Publisher/developer: Jason Rohrer Format: PC Release: Out now
Jason Rohrer’s “weird, hard and disturbing” MMOG centres on the American legal principle that permits the use of lethal force against intruders to your home. In The Castle Doctrine, you secure your own house, defending it from fellow players as best you can, while also invading their homes to take their money.
As you might expect from Rohrer, the game’s origins lie close to his heart. His childhood featured a father anxious to fulfil the protector remit. He’s lived in a rough neighbourhood. While these inform its premise, The Castle Doctrine is a game about constructing and solving puzzles based on logic and psychology.
You start with an empty house and a nuclear family in which you’re the alpha male in charge of protecting your homestead. You have $2,000 to spend on resources – walls, wiring, doors, triggers and so on – for creating traps and protecting any remaining wealth.
There are two caveats: you must be able to reach your own vault without using tools (proving the puzzle solvable) and your family must have an uninterrupted passage to the exit. Money to improve your defences or just to progress up the leaderboard comes from bounties dropped by those your house kills and from successfully robbing other players. The bounties increase as players manage to successfully rob vaults or kill family members, too. Killing someone’s wife will give you half the house’s money. The other half is found in the vault.
Developer Rohrer has handed out real prize money to players of The Castle Doctrine, the best getting $316, Rohrer’s own ‘dog club’ and a ‘giclee print of Surge After Hokusai by Steven Diamond’. You can find the winners and details in full here.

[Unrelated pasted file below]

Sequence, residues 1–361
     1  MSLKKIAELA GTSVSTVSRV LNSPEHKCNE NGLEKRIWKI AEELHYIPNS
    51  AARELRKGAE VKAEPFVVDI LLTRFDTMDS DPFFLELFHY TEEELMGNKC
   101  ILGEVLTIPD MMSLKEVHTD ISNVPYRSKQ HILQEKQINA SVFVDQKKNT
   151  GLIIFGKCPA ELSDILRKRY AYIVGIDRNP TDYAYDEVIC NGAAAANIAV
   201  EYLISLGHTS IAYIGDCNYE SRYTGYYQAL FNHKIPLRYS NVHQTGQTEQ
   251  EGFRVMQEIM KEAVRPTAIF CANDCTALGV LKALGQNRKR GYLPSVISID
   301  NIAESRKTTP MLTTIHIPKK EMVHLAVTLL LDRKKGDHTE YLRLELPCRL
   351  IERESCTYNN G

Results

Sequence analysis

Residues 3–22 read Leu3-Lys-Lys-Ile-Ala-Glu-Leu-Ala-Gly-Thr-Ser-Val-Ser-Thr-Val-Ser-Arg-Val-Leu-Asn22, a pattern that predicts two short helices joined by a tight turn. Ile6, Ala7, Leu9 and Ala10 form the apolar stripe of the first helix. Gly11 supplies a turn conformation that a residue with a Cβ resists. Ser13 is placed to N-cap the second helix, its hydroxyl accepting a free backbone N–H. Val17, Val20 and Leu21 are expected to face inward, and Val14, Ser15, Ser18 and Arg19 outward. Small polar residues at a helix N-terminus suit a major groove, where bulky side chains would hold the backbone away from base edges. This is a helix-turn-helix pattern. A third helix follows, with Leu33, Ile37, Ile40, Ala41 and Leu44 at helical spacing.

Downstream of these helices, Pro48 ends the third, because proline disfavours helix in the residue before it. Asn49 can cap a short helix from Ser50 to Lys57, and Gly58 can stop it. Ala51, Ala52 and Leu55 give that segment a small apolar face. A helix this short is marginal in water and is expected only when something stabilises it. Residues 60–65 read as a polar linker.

With no tutorial, the learning curve is steep. Coupled with the threat of permadeath when testing your creations, this can result in intense frustration as you fall to traps you didn’t fully understand or predict. Whether you enjoy the game or ragequit will depend entirely on how much you like building, tweaking and investigating the systems. On persevering, logically inclined players may create fiendishly clever security arrangements, while fans of mind games can explore the protection basic psychology offers.
We constructed a ‘commit gate’ – an electrified floor tile that activates as a thief passes, locking them into a robbery – near our house’s entrance, but it wasn’t powered. It was a cheap deterrent. The next morning, watching the security tapes the game records, we saw 14 intruders pull out rather than proceed.
The Castle Doctrine is a curious game about exploiting systems and psychology. The discussions surrounding it deal in politics and morality, because it’s a game about Rohrer’s response to a controversial real-world issue. Yet The Castle Doctrine’s notoriety ends up feeling like another fakeout – a disconnected conceptual commit gate at the entrance of an often-frustrating sandbox puzzler.